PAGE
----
This is the third article in our four-part series on the advantages and disadvantages of selling alcohol in each of the Greater China markets—Mainland China, Hong Kong, Macau, and Taiwan. The focus is on the importation, sales and promotion of foreign alcoholic products. In this article, we will discuss the highly globalized market of Hong Kong.
Advantages of Selling Alcohol in Hong Kong
High familiarity with imported alcohol
One of the most affluent markets in East Asia, Hong Kong is a hotbed of opportunities for many foreign companies planning to sell their alcoholic beverages in the region. Consumers mostly base their purchase decisions on quality and taste, regardless of price. Consumer spending is high and will continue to increase, reaching HK$1.95 trillion (US$251 billion) in 2021. Due to the still, demand for foreign goods will also grow.
In the Hong Kong alcohol market, consumers prefer international brands. Interest is growing for gin and liqueurs, posting year-on-year growth of 7% and 23%, respectively. Hong Kong imported 28.8 million liters in the first half of 2018, mostly from France, the United Kingdom and Australia. Meanwhile, Hong Kong’s overall beer market is expected to see sales of US$569 million in 2018.
Low barriers to entry
Regarding ease of doing businesses, Hong Kong presents few challenges for foreign companies compared to most overseas markets. It is a free port to most imported goods except for a handful of products, including certain liquors. There is no duty payable for wine, as well as spirits with an alcoholic strength of not more than 30% by volume.
The Hong Kong government even signed co-operation agreements with different countries to strengthen promotional activities in areas on wine, including trade, investment and tourism. Trade fairs are open for businesses that aspire to break into the market, providing support for new brands and label launches.
English is a working language
Hong Kong is one of the world’s most international, business-friendly cities. Foreign business will experience fewer communication problems, as English is widely spoken in the business community, as well as in most of the urban areas. Hong Kong also uses the Common Law system. This means all contracts written and signed in English are legally enforceable and how contracts will be interpreted is more predictable.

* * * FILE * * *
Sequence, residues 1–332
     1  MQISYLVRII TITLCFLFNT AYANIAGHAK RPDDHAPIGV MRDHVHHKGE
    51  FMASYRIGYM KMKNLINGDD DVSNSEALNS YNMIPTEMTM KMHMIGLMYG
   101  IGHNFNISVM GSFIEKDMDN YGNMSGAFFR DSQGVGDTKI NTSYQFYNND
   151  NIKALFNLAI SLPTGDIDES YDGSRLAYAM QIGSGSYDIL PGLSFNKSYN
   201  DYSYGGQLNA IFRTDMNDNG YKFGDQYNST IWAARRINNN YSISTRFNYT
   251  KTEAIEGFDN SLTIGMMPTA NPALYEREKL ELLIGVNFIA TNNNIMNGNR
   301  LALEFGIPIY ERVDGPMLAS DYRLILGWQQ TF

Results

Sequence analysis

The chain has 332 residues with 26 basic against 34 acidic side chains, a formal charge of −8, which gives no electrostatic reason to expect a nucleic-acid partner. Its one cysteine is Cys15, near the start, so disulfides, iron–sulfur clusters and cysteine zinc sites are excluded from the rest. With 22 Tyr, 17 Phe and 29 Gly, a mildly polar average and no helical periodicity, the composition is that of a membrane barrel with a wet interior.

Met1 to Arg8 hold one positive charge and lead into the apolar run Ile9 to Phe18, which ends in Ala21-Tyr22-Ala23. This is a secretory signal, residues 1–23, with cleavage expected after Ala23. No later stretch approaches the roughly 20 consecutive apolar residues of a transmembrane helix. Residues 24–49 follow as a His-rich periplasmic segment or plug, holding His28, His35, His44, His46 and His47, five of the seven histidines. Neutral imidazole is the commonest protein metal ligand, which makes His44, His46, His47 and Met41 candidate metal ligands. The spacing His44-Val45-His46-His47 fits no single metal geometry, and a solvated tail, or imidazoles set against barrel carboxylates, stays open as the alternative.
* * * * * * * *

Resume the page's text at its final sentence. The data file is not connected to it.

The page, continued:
Disadvantages of Selling Alcohol in Hong Kong
Small and Mature Market
Although Hong Kong is a highly developed market, it is relatively small with a population of 7.4 million. As with other markets this size, it less likely to support a high volume of goods. This makes it difficult for companies to enjoy a larger profit margin. Due to the small group of consumers purchasing goods, there is also limited opportunity for growth.
With such a small and mature market, the survival rate is low especially for producers and retailers of entry-level alcoholic beverages. They have to grapple with intense competition from existing heavyweights, both local and foreign, who are more familiar with the industry, business operations and customers. Without an appropriate marketing plan, breaking into the market may prove to be difficult.
Highly competitive market
As a regional trading center and gateway to Mainland China for global businesses, imported goods are well represented in the Hong Kong market. Hong Kong is highly reliant on international brands to populate its wine and beer market. Consumers can easily access booze through off-trade and on-trade channels. For many companies, the stiff competition can be a huge challenge.
Off-trade channels such as supermarkets, specialty and convenience stores account for most of the alcohol sales in Hong Kong. Those that are sold in on-trade channels like bars, restaurants and hotels are usually three to four times more expensive. There are also a variety of online sites that can deliver cocktail mix, wine, spirit or beer as per demand.
Closing Thoughts on the Hong Kong Market
While Hong Kong’s robust economy and favorable market conditions draw in many foreign companies, sales potential is limited due to stiff competition and the small size of the market. Businesses must carefully consider their resources, as well as long-term and short-term goals, to determine if this market is the right choice for them. Otherwise, one of the other Greater China markets may be the better option on where and how to develop their business.